1Outpatient Clinic of Diabetes, University Hospital of Alexandroupolis, Alexandroupolis, Greece 2Department of Hypertension, Chair of Nephrology and Hypertension, Medical University of Lodz, d, Poland 3Diabetes Center and Second Medical Department, Aristotle University of Thessaloniki, Thessaloniki, Greece 4Unit of Diabetes and Cardiovascular Prevention, School of Medicine, University of Palermo, Palermo, Italy 5Diabetic Foot Clinic, Kings College Hospital, London, UK Correspondence should be addressed to Konstantinos Papatheodorou ; [email protected] Received 18 January 2018; Accepted 21 January 2018; Published 11 March 2018 Copyright 2018 Konstantinos Papatheodorou et al. This is an open access article distributed under the Creative Commons Attribution License , which permits unrestricted use, distribution, and reproduction in any medium, provided the original work is properly cited. Diabetes is widely recognized as an emerging epidemic that has a cumulative impact on almost every country, age group, and economy across the world. According to the International Diabetes Federation, in 2015, approximately 415 million people were suffering from diabetes worldwide, and this number is expected to exceed 640 million by the year 2040. It is estimated that half of patients with diabetes are unaware of their disease and are thus more prone to developing diabetic complications. However, the cost of dealing with diabetes can be unaffordable in terms of money spent and lives lost. In 2015, approximately 5.0 million deaths were attributed to diabetes, albeit in the same year, more than 12% of the global health expenditure was dedicated to coping with the disease and its complications [ 1 ]. Diabetes complications are common among patients with type 1 or type 2 diabetes but, at t Continue reading >>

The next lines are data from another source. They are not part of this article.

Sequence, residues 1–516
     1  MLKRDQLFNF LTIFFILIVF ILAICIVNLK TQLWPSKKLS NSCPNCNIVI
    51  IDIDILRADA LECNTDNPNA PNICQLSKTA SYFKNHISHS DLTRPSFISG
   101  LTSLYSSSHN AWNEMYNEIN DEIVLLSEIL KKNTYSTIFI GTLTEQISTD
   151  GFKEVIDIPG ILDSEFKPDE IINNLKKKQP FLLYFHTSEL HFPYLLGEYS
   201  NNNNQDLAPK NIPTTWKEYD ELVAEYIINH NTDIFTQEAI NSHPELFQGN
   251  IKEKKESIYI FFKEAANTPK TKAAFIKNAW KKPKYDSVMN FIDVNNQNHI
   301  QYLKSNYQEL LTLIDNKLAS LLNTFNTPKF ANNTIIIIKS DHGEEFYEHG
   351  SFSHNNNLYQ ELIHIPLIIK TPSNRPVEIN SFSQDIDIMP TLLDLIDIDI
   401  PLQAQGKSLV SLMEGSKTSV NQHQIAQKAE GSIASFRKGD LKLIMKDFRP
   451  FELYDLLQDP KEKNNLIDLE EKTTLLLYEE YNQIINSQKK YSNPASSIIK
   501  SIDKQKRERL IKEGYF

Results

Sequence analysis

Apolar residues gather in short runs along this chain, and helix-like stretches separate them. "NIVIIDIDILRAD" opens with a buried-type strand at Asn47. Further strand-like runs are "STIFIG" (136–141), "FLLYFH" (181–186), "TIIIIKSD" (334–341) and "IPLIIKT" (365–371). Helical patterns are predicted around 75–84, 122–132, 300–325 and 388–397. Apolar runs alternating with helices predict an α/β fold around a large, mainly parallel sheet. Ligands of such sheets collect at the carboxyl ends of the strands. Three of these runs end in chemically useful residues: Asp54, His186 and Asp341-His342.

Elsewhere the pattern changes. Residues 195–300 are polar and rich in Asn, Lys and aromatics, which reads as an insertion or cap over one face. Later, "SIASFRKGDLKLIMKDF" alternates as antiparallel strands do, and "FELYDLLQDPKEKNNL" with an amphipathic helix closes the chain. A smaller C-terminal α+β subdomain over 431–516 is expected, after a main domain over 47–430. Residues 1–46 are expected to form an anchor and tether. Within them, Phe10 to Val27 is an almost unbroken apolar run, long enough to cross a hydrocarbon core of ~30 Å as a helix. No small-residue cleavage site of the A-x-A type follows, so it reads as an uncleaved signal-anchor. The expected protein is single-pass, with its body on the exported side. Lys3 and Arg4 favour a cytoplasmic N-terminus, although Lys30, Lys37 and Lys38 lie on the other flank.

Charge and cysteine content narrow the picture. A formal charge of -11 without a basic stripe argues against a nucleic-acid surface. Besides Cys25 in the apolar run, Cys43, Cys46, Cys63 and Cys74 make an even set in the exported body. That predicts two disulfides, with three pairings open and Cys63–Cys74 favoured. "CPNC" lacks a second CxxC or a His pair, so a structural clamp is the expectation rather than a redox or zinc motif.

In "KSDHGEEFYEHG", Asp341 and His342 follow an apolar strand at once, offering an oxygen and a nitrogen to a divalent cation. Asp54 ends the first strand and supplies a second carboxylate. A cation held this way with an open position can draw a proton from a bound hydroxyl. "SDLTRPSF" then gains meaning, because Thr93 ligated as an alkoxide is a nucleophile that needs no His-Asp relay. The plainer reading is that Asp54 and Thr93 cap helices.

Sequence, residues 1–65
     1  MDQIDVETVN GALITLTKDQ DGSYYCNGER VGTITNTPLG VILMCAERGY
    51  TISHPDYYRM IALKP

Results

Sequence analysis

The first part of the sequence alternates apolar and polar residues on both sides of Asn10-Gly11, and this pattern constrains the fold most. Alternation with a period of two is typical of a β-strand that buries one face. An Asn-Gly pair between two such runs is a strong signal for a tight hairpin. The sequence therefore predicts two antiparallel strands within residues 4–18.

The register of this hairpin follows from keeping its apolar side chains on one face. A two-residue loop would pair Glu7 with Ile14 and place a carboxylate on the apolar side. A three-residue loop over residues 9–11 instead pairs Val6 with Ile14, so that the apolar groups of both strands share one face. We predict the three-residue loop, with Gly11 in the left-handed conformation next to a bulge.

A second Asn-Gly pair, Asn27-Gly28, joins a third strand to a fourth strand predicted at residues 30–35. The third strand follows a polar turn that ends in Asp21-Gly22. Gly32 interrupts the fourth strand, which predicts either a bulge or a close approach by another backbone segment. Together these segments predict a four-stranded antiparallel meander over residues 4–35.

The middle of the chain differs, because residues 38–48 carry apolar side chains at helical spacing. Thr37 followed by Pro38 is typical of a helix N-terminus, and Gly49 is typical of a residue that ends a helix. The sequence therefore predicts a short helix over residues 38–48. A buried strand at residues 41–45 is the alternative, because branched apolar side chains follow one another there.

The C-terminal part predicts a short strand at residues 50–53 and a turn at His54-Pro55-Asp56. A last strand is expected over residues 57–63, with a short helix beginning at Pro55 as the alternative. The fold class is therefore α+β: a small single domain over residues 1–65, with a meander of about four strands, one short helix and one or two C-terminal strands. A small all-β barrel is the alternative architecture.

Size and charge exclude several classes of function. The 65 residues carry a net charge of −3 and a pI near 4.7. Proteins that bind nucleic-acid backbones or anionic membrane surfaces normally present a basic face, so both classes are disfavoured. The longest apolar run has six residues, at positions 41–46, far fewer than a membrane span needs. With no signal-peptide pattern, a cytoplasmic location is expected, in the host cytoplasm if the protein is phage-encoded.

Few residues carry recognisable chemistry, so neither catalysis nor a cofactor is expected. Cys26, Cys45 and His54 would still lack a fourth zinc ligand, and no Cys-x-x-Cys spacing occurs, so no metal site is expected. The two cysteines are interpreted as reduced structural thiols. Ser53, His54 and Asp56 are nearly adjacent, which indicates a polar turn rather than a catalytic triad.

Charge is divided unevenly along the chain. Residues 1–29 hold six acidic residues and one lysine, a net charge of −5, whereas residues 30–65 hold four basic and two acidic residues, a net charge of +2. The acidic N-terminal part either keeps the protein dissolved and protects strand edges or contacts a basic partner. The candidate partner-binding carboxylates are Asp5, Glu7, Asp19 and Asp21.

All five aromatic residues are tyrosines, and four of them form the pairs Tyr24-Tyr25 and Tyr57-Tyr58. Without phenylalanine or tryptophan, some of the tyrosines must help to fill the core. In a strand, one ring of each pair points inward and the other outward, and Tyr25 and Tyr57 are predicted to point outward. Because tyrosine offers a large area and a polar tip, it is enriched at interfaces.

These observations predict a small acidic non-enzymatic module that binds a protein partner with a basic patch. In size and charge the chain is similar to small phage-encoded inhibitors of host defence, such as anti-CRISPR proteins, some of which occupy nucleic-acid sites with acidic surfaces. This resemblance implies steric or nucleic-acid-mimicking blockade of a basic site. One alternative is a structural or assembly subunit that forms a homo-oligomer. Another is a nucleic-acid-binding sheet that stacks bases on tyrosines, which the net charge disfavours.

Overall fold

Metabolic Complications Of Diabetes Mellitus

Metabolic Complications Of Diabetes Mellitus